Kjeldahl analysis is definitely the most common method for performing nitrogen and protein determination for diversified applications.
Nitrogen determination has a long history in the area of analytical chemistry.
Johan Kjeldahl first introduced the Kjeldahl method in 1883 at a meeting of the Danish Chemical Society.
Kjeldahl, at that time Carlsberg laboratory manager, was assigned to scientifically observe the processes involved in beer production.
While studying proteins during malt production, he developed a method of determining nitrogen content that was faster and more accurate than any method available at the time.
Johan Kjeldahl, working at Carlsberg Laboratory in the 1880s
Kjeldahl analysis is extremely versatile, as it can handle a very wide range of samples, from food & feed (grain, meat, fish, milk, dairy, fruit, vegetables), beverages, environmental (agriculture, oilseeds, soil, fertilizers, water, wastewater, sludge) to chemical and pharmaceutical industries (paper, textiles, rubber, plastic, polymer).
Total Kjeldahl nitrogen (TKN) is the sum of organic nitrogen, ammonia (NH3), and ammonium (NH4+) in the chemical analysis of soil, water and wastewater.
To calculate Total Nitrogen (TN), the concentrations of nitrate-N and nitrite-N are determined and added to the total Kjeldahl nitrogen.
Today, total Kjeldahl nitrogen is a required parameter for regulatory reporting at many treatment plants.
Total Kjeldahl nitrogen is often used as a surrogate for protein in food samples. The conversion from TKN to protein depends on the type of protein present in the sample and what fraction of the protein is composed of nitrogenous amino acids. However, the range of conversion factors is relatively narrow. Example conversion factors, known as N factors, for foods range from 6.38 for dairy and 6.25 for meat, eggs and maize (corn) to 5.70 for wheat flour, and 5.46 for peanuts.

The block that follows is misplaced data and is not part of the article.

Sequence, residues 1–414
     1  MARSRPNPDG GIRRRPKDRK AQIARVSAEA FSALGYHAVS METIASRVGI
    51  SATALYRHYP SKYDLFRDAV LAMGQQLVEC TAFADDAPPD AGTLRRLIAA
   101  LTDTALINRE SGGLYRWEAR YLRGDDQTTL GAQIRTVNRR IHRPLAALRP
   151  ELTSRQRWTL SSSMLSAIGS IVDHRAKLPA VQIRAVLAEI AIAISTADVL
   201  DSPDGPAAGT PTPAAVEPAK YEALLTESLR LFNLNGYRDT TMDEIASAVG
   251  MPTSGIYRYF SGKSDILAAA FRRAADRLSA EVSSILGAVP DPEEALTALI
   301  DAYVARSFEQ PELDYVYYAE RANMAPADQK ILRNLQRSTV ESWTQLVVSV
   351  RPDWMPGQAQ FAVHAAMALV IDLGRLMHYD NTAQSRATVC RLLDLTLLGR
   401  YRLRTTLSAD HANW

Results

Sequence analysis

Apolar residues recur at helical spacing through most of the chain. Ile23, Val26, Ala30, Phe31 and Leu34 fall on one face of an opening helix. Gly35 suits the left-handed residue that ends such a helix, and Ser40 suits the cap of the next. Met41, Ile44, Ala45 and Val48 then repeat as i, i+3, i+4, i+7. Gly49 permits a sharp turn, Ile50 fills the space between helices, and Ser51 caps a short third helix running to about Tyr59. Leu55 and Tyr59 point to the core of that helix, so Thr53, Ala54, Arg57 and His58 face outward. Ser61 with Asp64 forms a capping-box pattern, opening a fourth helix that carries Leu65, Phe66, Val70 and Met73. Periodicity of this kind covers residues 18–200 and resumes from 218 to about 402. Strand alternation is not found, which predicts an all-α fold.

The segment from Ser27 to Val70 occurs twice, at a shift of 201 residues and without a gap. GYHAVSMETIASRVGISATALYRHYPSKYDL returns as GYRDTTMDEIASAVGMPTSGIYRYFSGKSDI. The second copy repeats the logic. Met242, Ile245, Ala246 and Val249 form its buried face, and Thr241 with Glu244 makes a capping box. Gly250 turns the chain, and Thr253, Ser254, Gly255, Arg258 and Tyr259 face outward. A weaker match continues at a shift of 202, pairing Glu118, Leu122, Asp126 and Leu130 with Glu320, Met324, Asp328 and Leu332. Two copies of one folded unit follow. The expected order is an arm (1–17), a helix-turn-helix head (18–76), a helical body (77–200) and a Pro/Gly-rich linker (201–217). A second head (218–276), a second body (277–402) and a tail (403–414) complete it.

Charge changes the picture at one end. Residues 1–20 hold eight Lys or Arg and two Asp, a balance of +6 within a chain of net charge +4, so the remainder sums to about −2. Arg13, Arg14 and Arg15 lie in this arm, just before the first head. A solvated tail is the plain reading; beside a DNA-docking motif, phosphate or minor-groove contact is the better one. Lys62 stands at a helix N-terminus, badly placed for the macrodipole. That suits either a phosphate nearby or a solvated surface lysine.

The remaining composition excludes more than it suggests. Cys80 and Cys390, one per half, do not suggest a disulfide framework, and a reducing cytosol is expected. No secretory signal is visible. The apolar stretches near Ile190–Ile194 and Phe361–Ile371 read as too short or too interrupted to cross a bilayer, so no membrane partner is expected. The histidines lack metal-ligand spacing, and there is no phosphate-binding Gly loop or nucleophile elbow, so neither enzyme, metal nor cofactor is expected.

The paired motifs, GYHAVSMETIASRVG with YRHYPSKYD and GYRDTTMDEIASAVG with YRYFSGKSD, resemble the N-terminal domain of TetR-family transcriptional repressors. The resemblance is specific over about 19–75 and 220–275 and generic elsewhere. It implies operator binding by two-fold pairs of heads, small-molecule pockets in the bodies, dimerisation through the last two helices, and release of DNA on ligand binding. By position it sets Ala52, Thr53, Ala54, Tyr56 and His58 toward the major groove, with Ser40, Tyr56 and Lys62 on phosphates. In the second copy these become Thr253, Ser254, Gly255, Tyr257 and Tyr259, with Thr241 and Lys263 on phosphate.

In most cases the key to a successful Kjeldahl analysis can be the sample preparation step (before digestion phase).
This method might not be the fastest method to use but thanks to the high reliability will always give satisfactory results, if performed correctly (and following Standards).
The Kjeldahl analysis may be broken down into three main steps:
- Digestion - the decomposition of nitrogen in organic samples utilizing a concentrated acid solution. This is accomplished by boiling a homogeneous sample in concentrated sulfuric acid. The end result is an ammonium sulfate solution.
- Distillation - adding excess base to the acid digestion mixture to convert NH4+ to NH3, followed by boiling and condensation of the NH3 gas in a receiving solution.
- Titration - to quantify the amount of ammonia in the receiving solution. The amount of nitrogen in a sample can be calculated from the quantified amount of ammonia ions in the receiving solution.
Today, various scientific associations approve the Kjeldahl method, including the AOAC International (Association of Official Analytical Chemists), AACC (Association of American Cereal Chemists), AOCS (American Oil Chemists Society), EPA (Environmental Protection Agency), ISO (International Standards Organization), and many others. All VELP Scientifica equipment for Kjeldahl nitrogen determination work in accordance with the above-mentioned associations.